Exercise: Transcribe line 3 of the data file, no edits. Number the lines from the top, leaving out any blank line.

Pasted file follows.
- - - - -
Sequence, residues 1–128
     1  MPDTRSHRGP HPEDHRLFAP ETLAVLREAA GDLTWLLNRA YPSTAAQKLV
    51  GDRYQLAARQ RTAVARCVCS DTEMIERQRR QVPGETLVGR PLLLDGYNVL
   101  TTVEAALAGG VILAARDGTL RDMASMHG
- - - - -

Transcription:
    51  GDRYQLAARQ RTAVARCVCS DTEMIERQRR QVPGETLVGR PLLLDGYNVL